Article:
Do you live in an area that does not have connections to the urban sewer system? Then your home must have a septic system. The septic system stores waste and decomposes it naturally, eventually filtering the water and sending it underground. These systems do need maintenance and cleaning once in a while. Knowing how your septic tank works would help you take better care of it.
How does your septic tank deal with waste?
Your septic tank system primarily consists of the tank, pipelines, and a drain field. Here is how it deals with the sewage from your home:
- Wastewater collection
At first, drainage pipes from your kitchen and bathrooms carry out all the wastewaters. The septic tank consists of two compartments. The first one is where inlet pipes deliver all the dirty water, together with solid wastes.
As wastewater accumulates inside the tank, it automatically segregates into three distinct layers. The bulk of the septic tank remains occupied by clarified wastewater, also called effluent. The effluent forms the middle layer. The top layer, known as scum, consists of fats, oil, grease, and other substances that happen to be lighter than water stay afloat. The heavier solid materials settle down at the bottom of the tank and are known as sludge.
Your septic tank is home to a wide variety of bacteria. However, it isn’t something to be alarmed about, as this is what makes the septic tank work. e bacteria break down the waste by feeding on it. Aerobic bacteria thrive in the upper part of the septic tank, feeding on the scum. The sludge acts as the habitat of anaerobic bacteria. By breaking down the wastes quickly, the bacteria free up space inside the septic tank and allow water to flow out easily.
- Outflow of the effluent
Once the layers have segregated, the effluent flows out through pipes in the second compartment. The position of the pipes is such that they drain out only the effluent, leaving the scum and the sludge inside the tank. A distribution box then distributes the effluent into multiple perforated pipes. These pipes release the water into the drain field.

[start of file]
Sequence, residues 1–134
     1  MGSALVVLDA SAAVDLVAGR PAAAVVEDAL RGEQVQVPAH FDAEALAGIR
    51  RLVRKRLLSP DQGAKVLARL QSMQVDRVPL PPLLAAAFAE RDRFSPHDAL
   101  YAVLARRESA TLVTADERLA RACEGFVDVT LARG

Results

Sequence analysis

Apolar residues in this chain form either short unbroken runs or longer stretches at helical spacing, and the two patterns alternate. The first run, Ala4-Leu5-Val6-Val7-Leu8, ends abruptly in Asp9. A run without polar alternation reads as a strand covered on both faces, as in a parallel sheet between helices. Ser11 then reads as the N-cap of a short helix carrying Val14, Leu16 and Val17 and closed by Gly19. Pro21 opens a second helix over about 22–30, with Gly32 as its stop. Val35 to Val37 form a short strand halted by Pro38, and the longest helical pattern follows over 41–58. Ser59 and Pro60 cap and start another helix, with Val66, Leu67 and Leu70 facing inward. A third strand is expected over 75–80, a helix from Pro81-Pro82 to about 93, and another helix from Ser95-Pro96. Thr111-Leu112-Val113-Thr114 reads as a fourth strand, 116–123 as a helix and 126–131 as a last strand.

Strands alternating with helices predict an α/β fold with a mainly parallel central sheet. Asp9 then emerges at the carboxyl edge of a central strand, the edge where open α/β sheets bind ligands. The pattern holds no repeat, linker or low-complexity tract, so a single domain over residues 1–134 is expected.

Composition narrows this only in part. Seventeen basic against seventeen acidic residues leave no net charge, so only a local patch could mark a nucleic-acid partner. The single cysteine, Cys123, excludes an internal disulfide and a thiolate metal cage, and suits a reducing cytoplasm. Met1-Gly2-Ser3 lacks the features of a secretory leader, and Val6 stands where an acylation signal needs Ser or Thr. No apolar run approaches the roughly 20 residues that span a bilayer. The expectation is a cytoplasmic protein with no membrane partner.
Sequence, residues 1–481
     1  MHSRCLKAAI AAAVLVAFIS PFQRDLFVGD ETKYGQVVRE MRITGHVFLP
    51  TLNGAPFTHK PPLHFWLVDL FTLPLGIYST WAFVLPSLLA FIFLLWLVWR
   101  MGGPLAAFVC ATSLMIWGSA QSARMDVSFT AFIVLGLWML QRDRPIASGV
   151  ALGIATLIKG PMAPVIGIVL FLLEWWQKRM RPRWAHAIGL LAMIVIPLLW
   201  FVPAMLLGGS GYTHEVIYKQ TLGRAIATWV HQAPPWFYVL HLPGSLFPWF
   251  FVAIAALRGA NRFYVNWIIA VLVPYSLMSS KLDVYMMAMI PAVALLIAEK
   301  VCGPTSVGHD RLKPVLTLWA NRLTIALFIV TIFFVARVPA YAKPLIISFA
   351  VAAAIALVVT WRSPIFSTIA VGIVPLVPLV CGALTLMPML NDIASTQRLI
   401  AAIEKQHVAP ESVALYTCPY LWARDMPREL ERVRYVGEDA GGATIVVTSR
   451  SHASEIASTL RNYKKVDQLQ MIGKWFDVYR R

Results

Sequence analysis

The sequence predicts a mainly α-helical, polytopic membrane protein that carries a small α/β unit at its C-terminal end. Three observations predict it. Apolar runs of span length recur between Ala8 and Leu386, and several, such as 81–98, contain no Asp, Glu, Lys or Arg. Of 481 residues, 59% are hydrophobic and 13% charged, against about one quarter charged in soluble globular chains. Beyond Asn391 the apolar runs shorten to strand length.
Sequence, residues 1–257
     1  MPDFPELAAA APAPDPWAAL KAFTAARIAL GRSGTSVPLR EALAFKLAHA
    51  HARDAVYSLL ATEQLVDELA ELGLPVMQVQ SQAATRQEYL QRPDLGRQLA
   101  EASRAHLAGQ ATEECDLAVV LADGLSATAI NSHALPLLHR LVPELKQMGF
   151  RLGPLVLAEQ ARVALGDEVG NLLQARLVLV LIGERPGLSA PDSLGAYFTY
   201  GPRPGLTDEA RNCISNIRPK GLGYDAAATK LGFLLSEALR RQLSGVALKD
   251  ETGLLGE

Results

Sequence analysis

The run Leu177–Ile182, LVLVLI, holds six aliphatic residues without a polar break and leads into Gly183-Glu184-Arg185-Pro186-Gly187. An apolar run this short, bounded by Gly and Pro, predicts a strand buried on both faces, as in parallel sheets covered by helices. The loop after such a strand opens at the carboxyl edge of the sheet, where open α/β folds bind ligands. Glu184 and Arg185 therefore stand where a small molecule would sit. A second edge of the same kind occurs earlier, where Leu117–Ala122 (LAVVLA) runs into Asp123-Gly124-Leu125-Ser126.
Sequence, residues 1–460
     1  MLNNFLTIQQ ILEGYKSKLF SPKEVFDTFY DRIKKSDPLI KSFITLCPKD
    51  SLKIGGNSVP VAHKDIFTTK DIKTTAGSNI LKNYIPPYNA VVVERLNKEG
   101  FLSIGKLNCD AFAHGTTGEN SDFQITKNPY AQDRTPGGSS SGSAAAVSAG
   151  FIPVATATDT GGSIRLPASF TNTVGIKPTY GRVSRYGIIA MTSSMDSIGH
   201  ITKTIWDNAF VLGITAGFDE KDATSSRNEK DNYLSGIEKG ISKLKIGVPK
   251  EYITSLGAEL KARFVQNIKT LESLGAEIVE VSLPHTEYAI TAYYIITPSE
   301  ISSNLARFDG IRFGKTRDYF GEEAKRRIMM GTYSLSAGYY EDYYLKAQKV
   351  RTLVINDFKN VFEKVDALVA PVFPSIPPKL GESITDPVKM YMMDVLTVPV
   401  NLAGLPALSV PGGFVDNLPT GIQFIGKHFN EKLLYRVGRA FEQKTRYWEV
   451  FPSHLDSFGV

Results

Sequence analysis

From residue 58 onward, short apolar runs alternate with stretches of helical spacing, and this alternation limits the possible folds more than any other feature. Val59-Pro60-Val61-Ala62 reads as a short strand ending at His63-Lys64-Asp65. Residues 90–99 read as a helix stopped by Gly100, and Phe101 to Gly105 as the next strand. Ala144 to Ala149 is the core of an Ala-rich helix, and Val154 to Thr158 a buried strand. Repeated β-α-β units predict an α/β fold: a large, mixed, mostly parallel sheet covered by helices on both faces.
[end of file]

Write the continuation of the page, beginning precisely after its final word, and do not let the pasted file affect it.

- Wastewater treatment
The drain field mostly consists of soil and gravel. As the effluent percolates into the drain field, the soil removes viruses, nutrients, and harmful coliform bacteria through a natural filtration process. The filtered water then seeps into the soil and eventually reaches the groundwater. Fecal contamination of water can potentially result in outbreaks of major diseases. The drain field prevents this by filtering the effluent before letting it mix with groundwater.
What happens if excess sludge builds up inside your septic tank?
The solid substances that the bacteria cannot break down eventually start building up. The same could also occur if your septic tank is too small and sludge accumulates faster than the bacteria can break it down. When this happens, the sludge levels rise to a point where the septic tank would fill up, preventing the effluent from flowing out properly. It can cause a number of issues, such as:
- Septic tank overflow and the consequent pooling of water
- Sewer backups
- Slow drainage
- Foul odors
- Environmental contamination
You could avoid these problems by getting your septic tank pumped and emptied in a timely fashion. Generally, septic tanks require emptying once in every two to three years. Check with a professional company near you if you need advice on how frequently you need to clean your septic tank. They could also visit your property and check out the current sludge levels if you suspect that too much sludge is building up.